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5 things to watch as officials take the field in 2017

Here’s what I’m looking for as I zebra watch this year.



Steve Sanders/NFL

It’s back. Another NFL season is here and I can’t wait. The NFL officiating crews are ready too.

As the season kicks off I’m watching for five things out of the officials.

Meet the new boss

The new senior vice president of officiating is Al Riveron. He has experience, having been Dean Blandino’s assistant for several years. 

How will he make his mark? What are his goals? Will he move to make an imprint on mechanics or staff? 

Riveron has a good team helping him, and I have high hopes that he will succeed in this position.

10-second runoff impact

This year, the NFL expanded the 10-second runoff rule. Now the runoff rule will go into effect beginning at the two-minute warning, instead of the last minute. 

If a team faces a 10-second runoff, they will have to take a charged time-out to avoid the runoff. If a team has to take a timeout, that will directly impact their two-minute drill. Let’s see what, if any, impact this rule will have.


The NFL is extending the kickoff touchback rules for another year. It is obvious the NFL wants to do away with kickoff for many reasons–mostly safety related–but also because the NFL things kickoff touchbacks are boring.

I predict the NFL will continue to phase out kickoffs after scoring plays. Let’s see how many touchbacks we have this year.

Safety and sportsmanship

The NFL has a point of emphasis in 2017 that allows officials to eject players for “egregious” hits. NCAA players are regularly ejected for targeting fouls, but now the NFL is giving officials the option to eject a player for a particularly flagrant foul. 

Officials have tossed players for flagrant fouls in the past, but it’s been rare. We’ll see if it stays rare this year.

The NFL is making permanent the rule that ejects a player if they pick up two unsportsmanlike conduct fouls. Head coaches are also subject to the ejection provision. Head coaches rarely pick up unsportsmanlike conduct fouls, and not a single one has been ejected. I hope the officials crack down and penalize unsportsmanlike conduct.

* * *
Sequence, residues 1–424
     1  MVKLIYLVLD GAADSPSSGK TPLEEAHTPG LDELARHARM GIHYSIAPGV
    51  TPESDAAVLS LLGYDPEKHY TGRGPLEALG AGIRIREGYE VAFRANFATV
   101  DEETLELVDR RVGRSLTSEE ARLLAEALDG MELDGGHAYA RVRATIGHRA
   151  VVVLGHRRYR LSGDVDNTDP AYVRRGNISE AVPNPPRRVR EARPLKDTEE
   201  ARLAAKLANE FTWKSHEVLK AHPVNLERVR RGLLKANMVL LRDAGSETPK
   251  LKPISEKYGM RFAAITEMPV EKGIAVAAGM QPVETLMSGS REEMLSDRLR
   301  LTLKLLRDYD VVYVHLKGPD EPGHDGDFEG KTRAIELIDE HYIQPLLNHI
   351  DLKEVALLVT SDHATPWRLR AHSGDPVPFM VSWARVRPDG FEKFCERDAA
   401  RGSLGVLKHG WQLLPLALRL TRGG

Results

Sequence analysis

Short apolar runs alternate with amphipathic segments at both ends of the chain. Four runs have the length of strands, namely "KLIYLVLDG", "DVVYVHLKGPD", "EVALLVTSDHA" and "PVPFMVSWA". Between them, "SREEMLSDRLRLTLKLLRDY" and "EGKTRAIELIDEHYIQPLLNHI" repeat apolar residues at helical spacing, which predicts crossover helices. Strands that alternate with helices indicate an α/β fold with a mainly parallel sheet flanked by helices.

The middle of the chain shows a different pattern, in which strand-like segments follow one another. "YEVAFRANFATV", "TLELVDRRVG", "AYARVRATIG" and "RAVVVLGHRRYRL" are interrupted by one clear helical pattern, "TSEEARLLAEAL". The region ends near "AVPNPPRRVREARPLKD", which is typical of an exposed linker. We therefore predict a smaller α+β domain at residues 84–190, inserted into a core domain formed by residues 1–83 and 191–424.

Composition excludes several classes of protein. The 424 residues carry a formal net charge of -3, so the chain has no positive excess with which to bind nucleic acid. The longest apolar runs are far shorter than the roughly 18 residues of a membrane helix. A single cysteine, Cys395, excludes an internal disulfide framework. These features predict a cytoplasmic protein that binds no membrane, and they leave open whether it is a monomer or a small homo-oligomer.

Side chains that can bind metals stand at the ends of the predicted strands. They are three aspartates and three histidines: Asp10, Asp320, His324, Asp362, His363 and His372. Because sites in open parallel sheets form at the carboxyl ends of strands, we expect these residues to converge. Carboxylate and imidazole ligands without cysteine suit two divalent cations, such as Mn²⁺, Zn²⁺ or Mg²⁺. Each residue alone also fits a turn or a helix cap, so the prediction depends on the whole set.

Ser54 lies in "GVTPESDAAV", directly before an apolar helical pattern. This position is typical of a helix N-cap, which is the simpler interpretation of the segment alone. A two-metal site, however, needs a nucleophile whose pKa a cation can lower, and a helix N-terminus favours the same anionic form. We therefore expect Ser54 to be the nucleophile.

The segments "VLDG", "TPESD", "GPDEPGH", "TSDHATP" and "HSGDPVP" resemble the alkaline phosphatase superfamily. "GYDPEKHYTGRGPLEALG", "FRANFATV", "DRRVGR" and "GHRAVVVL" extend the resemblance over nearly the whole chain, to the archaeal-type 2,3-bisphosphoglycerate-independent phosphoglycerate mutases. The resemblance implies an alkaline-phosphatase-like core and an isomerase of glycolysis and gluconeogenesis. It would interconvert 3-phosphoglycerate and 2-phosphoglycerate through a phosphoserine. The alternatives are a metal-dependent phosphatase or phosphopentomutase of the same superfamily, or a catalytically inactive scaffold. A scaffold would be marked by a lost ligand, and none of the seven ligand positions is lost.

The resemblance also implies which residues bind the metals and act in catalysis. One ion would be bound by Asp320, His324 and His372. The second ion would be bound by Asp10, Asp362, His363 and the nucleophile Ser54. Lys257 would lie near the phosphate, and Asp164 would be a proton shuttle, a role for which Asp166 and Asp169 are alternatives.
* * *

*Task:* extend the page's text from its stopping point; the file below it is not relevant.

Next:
Centralized replay

The NFL will have centralized replay this year. Under the hood is gone. Officials will look at the replay with tablets. Al Riveron’s crew will conduct reviews at NFL headquarters. 

Here’s what to look for: if there are multiple replay challenges taking place at once, how will Riveron and company handle it? Will some referees have to take a number and wait? Will replay decisions be more consistent from game to game? Let’s watch and see. 

Super Bowl Predictions

Every year I predict the Super Bowl crew, it usually ends up being a kiss of death. So, with apologies to the following officials, I predict the Super Bowl LII crew will be:

  • Referee: Tony Corrente
  • Umpire: Paul King
  • Down Judge: Mike Spanier
  • Line Judge: Julian Mapp
  • Field Judge: Rick Patterson
  • Side Judge: Gary Cavaletto
  • Back Judge: Tony Steratore


  • Referee: Gene Steratore
  • Umpire: Carl Paganelli
  • DJ/LJ: Ed Camp
  • FJ/SJ: Laird Hayes
  • Back Judge: Greg Wilson.

To quote former referee Red Cashion, “Gentlemen, let’s play football!”

Photos: Steve Sanders/NFL, Houston Texans


Mark Schultz is a high school football official, freelance writer and journalist. He first became interested in officiating when he was six years old, was watching a NFL game with his father and asked the fateful question, "Dad, what are those guys in the striped shirts doing?"